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Thread: Press-Fit Sanity Check

  1. #1
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    Question Press-Fit Sanity Check

    The main question:

    1) What are the odds of having a manufactured shaft and bearings 0.025mm too close for a press-fit? Two different sources, could be a metric/imperial mix for all I know. But... that close? I mean, google says 0.025mm interference is right for a press fit and I've measured 0.05mm or thereabouts.

    Intuition says if they're that close, they're probably designed to press together and I've just miss-measured. I am using one of those plug-type transfer gages... and a cheap one at that. But, I'd rather not find out the hard way. Could just be chance. What are the odds?


    Backstory...

    So... my "proof of concept" 3D printed, speed-doubling, spindle for my "Ronter" packed it in. Plastic housing, and using bearings salvaged from a fidget-spinner... not exactly unexpected. What was unexpected was how much better in made that Ronter work.

    I was cutting out bottle rocket fins in coroplast (corrugated plastic sign board) and discovered that a 0.9mm drill bit worked awesome for cutting (because I happened to have an excess supply of said bits). Anyway, I went to cut some more last night, after re-configuring to pre-spindle mode, and it was a melted mess. Even slowed the feed down to match the slower bit speed and still snapped the bit. Even a larger 2mm endmill left a mess (which didn't on my first with-spindle cuts). When cutting this stuff, speed rules, apparently.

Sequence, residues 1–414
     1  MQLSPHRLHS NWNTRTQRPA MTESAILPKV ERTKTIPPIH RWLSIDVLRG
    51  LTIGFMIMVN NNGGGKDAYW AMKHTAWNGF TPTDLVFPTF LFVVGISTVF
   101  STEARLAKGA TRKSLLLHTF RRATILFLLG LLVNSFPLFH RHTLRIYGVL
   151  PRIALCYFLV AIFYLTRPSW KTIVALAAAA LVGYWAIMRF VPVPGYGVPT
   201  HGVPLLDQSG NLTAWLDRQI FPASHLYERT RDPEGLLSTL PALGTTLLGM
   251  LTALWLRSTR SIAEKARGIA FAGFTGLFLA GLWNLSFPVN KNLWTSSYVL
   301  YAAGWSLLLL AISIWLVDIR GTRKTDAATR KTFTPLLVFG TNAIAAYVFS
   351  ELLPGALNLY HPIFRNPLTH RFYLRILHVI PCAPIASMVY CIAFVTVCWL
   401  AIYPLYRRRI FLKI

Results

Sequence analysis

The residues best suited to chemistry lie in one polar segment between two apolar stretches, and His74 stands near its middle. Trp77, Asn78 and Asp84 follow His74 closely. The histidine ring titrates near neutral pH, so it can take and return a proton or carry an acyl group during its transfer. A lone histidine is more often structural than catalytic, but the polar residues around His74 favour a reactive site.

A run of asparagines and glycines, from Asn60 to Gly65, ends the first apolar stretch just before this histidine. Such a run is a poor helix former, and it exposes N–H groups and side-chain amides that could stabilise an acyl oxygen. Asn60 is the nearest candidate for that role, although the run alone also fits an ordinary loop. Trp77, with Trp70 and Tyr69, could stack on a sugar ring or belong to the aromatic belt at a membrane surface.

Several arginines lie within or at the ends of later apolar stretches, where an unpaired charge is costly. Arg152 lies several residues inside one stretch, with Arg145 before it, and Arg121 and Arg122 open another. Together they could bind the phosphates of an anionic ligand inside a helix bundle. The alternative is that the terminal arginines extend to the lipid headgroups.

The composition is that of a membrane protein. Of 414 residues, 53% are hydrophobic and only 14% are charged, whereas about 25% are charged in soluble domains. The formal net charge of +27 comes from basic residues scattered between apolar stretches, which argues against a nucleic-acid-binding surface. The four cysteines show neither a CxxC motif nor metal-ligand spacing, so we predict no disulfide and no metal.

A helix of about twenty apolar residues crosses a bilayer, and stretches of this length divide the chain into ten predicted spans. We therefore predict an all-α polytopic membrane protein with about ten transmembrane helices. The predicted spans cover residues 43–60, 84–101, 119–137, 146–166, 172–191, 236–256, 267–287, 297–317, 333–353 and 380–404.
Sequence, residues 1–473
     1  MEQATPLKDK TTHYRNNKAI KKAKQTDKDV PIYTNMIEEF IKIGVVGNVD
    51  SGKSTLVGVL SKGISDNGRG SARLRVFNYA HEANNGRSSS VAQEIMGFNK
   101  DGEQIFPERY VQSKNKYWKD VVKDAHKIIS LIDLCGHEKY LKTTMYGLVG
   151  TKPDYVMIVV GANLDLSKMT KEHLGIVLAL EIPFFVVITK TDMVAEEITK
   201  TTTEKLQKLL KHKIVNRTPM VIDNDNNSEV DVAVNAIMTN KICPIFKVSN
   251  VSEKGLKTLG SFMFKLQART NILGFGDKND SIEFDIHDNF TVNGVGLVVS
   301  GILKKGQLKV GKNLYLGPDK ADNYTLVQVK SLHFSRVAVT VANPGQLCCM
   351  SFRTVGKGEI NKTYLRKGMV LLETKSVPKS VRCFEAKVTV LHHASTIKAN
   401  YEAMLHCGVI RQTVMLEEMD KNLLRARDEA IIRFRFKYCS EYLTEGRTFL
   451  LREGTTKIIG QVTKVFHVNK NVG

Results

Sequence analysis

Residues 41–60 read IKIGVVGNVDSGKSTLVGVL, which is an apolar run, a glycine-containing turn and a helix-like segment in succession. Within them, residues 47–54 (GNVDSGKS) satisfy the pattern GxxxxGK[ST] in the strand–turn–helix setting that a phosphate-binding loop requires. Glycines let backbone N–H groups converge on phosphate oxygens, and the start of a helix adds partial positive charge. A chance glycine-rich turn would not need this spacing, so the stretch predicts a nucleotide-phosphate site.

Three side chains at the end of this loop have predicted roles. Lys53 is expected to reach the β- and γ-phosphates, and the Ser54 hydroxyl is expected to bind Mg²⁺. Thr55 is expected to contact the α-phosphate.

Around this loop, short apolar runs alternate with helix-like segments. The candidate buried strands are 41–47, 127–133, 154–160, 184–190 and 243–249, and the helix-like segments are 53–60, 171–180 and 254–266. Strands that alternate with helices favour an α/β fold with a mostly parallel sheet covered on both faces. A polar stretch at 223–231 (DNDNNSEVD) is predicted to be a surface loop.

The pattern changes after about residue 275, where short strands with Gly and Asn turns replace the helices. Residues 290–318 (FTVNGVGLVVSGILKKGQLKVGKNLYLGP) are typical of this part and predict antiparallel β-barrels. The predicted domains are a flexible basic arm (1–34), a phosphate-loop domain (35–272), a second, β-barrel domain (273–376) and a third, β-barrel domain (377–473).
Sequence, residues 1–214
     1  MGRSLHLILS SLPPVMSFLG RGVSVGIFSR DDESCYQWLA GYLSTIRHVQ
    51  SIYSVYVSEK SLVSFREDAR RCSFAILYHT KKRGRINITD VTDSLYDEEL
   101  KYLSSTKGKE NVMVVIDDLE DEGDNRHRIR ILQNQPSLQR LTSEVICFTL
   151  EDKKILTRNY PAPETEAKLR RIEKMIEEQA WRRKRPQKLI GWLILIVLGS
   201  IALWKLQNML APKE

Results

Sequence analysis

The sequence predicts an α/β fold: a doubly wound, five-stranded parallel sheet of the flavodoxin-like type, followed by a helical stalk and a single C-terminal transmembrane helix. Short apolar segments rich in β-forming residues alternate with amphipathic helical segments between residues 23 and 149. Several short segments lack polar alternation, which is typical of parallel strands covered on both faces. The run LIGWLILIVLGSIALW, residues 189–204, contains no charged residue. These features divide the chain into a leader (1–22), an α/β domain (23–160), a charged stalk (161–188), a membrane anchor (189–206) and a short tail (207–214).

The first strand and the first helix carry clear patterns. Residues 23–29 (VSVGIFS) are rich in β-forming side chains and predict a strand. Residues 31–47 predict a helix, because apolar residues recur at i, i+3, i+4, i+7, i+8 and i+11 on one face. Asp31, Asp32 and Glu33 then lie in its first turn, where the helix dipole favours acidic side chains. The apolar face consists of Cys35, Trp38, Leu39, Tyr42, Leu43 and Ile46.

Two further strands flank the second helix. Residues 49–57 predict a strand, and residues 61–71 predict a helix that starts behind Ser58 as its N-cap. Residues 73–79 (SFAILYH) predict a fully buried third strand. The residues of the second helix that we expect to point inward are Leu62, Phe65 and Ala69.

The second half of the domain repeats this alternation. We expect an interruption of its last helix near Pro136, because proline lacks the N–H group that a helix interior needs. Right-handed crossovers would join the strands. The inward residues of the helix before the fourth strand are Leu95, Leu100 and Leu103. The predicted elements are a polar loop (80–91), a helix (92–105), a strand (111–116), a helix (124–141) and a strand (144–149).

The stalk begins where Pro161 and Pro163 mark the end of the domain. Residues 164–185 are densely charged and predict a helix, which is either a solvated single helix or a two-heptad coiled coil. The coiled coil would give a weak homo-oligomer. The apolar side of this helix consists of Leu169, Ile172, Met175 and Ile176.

So... plan B is to redo the existing spindle with, hopefully, slightly better bearings and then, eventually, make a real spindle on the lathe with real bearings.

    Thus, 2 questions:

    1) I've got an ER11 collet holder on an 8mm shaft, being the core of my spindle. It mics out at around 7.98mm (or less). The 3 bearings on hand (more junk) I want to press on mic out at 7.93mm (or more). So, I googled and came up with 2 pages that basically say the same thing... good luck. One says I need to get the bearing up to about 600C, the other says 0.025mm is about right for a press-fit. Is this right?